Never let them see you sweat.
Or, so they used to say.
Apparently the phrase “Never let them see you sweat” came from a 1984 Gillette company deodorant commercial.
It’s a great phrase. When I was younger, it was a popular cultural saying. The idea was used for much more than a deodorant. If you want to really be a man—never let them see you sweat. If you want to display courage—never let them see you sweat. And, perhaps even, if you want to lead well—never let them see you sweat.
Sadly, the phrase or mindset has carried over to the minds of some leaders today. Many leaders are afraid to be discovered for their inefficiencies and shortcomings.
I’ve found this equally true of pastors. I have even had parishioners tell me they don’t want to know my weaknesses. They want to see me above temptation and failure. But, to portray that would be hypocrisy on my part.
Here’s the bottom line with leading well, in my opinion.
You better let them see you sweat!
Leadership is more about being real with people. It’s admitting failure. It’s being transparent about weaknesses. It’s not covering up flaws—it’s exposing them so others can learn from them.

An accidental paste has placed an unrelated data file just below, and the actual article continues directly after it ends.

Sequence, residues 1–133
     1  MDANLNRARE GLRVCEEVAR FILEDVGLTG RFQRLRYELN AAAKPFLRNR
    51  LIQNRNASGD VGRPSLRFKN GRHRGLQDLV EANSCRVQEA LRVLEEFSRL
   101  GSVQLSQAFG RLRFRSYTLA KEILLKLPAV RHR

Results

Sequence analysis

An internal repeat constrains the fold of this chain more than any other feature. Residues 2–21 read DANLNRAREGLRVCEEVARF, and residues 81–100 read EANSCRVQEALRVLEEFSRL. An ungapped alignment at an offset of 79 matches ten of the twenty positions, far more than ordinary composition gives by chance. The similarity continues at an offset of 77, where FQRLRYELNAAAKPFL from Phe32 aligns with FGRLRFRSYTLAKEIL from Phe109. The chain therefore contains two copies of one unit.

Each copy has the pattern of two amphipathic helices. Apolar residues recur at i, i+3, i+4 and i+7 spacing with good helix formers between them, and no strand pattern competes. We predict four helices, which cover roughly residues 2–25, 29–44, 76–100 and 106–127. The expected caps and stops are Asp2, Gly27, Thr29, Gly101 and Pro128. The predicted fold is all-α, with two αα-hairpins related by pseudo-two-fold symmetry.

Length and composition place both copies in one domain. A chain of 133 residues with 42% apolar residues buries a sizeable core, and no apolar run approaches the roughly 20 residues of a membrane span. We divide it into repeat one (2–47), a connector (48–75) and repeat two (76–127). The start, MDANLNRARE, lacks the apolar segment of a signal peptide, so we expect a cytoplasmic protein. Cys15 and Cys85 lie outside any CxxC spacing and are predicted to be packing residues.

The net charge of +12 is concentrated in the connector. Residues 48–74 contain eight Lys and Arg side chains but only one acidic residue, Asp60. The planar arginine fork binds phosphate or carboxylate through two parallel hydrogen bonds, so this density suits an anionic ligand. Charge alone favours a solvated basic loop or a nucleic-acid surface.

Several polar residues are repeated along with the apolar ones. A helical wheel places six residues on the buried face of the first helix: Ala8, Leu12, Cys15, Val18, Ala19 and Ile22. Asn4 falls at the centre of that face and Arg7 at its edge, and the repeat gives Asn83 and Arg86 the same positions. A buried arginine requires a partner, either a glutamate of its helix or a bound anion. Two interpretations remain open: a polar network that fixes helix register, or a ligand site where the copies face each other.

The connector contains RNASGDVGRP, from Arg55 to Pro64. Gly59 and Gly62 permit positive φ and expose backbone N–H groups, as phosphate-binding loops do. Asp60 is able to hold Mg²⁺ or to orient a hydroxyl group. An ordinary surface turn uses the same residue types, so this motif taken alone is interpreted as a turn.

Leading well is being willing to say, “I don’t know how” or “That’s not my area of expertise” and then asking for help. It’s even a willingness to say, “I’m afraid” or “I can’t do this one,” apart from the grace of God.
Here’s my advice:
Wear your deodorant for underarm protection, but when it comes to authentic leadership, it’s all about the sweat!
Let me be clear. I’m not suggesting you don’t try your hardest, or put your best foot forward, or that you constantly complain about not being able to keep up. People want to follow confident, capable leaders.
I am suggesting you don’t try to be someone you are not, and be honest about who you really are.
Learning the difference is part of being a good leader.
This article originally appeared here.